That's what Natalie Booker, registered nurse and director of Inpatient Services at Yampa Valley Medical Center, saw all day Friday -- her first in the storm-ravaged Gulf Coast.
She saw inconsolable children separated from their parents in the aftermath of Hurricane Kat-rina.
Other local responders: Routt County Emergency Services Manager Chuck Vale arrived in Mississippi on Tuesday to help organize the emergency response. On Friday, Routt County Manager Tom Sullivan said Vale helped set up a base camp for 200 first-responders. The task included erecting 100-person tents, showers, toilets, electricity and other facilities. Before those camps were organized, Sullivan said that volunteers had been sleeping on floors or in their cars after working 18-hour days. Sullivan did not know what Vale's next duties would be. The Yampa Valley Type 2 fire crew left Wednesday for Meridian Naval Base in Meridian, Miss., to assist with relief efforts, said Lynn Barclay, mitigation education specialist for the Northwest Colorado Fire Management Unit. The 20-person interagency crew includes workers from the Bureau of Land Management, U.S. Forest Service and National Park Service. The crew routinely is assigned to fight wildland fires in the Rocky Mountain region and elsewhere across the country. The crew likely will be assigned to a search-and-recovery operation.
She saw people wearing nothing but pajama bottoms and T-shirts, carrying all their remaining possessions in plastic bags.
She saw people searching desperately for missing family members, unsure of their fates.
"People look at you and they say, 'What are we going to do? What am I going to do?'" Booker said via cell phone Friday afternoon. "And we don't have an answer."
Booker and six of her peers at YVMC worked at a makeshift hospital constructed Friday morning in a field house at Louisiana State University. They flew from Steamboat to Houston on Thursday and made the drive to Baton Rouge, La., to lend their efforts to the massive humanitarian relief effort there.
The nurses are stationed at medical triage centers and already have earned a reputation as skilled, hard workers. They are known as the Colorado nurses, Booker said.
The field house where Booker spent Friday had been converted into a 500-bed hospital within hours earlier that morning. It had a pharmacy and a laboratory but was short on trained medical workers. Cots were used for hospital beds, and duct tape was the material of choice. Everything used at the makeshift hospital was donated by private organizations and hospitals.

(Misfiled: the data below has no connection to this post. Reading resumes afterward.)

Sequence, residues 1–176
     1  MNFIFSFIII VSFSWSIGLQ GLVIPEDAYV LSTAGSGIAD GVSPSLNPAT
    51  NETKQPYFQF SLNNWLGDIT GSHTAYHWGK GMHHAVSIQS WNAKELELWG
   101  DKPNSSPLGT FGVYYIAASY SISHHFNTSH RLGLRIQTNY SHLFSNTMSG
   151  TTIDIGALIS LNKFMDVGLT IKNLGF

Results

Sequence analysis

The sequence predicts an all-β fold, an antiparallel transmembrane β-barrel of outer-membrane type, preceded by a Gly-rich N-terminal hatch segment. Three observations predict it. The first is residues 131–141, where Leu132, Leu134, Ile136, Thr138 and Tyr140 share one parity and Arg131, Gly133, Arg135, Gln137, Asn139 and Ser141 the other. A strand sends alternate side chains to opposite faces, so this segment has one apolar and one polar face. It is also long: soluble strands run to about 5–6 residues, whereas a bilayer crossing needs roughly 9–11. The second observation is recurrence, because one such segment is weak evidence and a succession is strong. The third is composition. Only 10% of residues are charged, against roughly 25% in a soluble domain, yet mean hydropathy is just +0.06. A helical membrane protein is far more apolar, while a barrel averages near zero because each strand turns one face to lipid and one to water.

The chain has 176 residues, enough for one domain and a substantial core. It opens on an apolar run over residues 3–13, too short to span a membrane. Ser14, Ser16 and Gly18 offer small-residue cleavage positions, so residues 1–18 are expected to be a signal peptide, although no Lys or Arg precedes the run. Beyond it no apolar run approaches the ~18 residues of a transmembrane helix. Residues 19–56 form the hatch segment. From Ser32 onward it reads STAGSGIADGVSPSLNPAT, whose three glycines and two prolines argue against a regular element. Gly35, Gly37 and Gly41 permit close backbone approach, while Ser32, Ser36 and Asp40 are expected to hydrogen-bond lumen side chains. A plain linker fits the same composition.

Booker and other volunteers spent the day setting up IV drips, drawing patients' blood, changing diapers and administering medicine. They helped people with broken bones, cuts, chronic medical conditions and psychiatric needs. Almost all the patients had been rescued from rooftops, attics and highway overpasses, trying to escape the incredible storm surge that has left much of the Gulf Coast of Louisiana under water.
"Elderly patients just grab hold of you, and they don't want to let go," Booker said Friday afternoon. "We've all been in tears all day."
And like the six other YVMC nurses, Booker has done everything in her power to help.
As Booker spoke to the Steamboat Today, a helicopter carrying storm survivors landed in the middle of a nearby football field. Eight copters circled overhead. People around her sat in corners, crying.
She described a tense scene in which people's nerves were shot, the stench was incredible and the temperature topped 100 degrees.
The YVMC nurses are working minute by minute, not sure where they will be called to next. As afternoon turned to evening, they had no idea where or whether they would be sleeping.
And Baton Rouge is not a safe place to be, Booker said. People are not allowed out at night, and armed guards are on constant patrol. On Thursday, when the nurses drove to Baton Rouge from Houston, they were told not to stop at any time because of the frequent carjackings.
The nurses plan to return to Steamboat on Monday, but Booker is not sure whether they'll be able to get enough gas to make the drive back to Houston for their flight. Had she known ahead of time how dangerous the situation was, she said she may have waited before making the trip.
But the group is there, and their motto has become: "Whatever it takes."
"To me, it was a chance to do the true meaning of what nursing is, and that's about help," Booker said.
Some patients have cried when told the nurses have come from Steamboat to help, Booker said.
Booker is disappointed she'll miss her 25th wedding anniversary today.
Her husband, Tom Booker, said he is confident in his wife's skills and is proud of what she's doing. When she asked him Wednesday whether she should go, his response came easy.
"I said, 'Sweetheart, this is what our lives are all about -- doing this,'" he said. That means being where people need her, and Natalie is doing the right thing at the right time, he said.
On Friday, he asked people to pray for the safety of his wife and the other YVMC nurses.
As for Natalie Booker, she said she has realized that her own needs, whether getting a good night's sleep or a hot meal, are less significant when compared with those of the people she's helping.
"You see someone whose needs are so tremendously more. It makes you forget your own," Booker said.
But in all the desperation in Baton Rouge, she has seen moments of joy -- including when a grandmother and granddaughter were reunited.
"They couldn't even talk -- it was so incredible," Booker said. "Even though these people had nothing, when they had each other, it was like, 'It's going to be OK.'"
-- To reach Susan Cunningham, call 871-4203 or e-mail email@example.com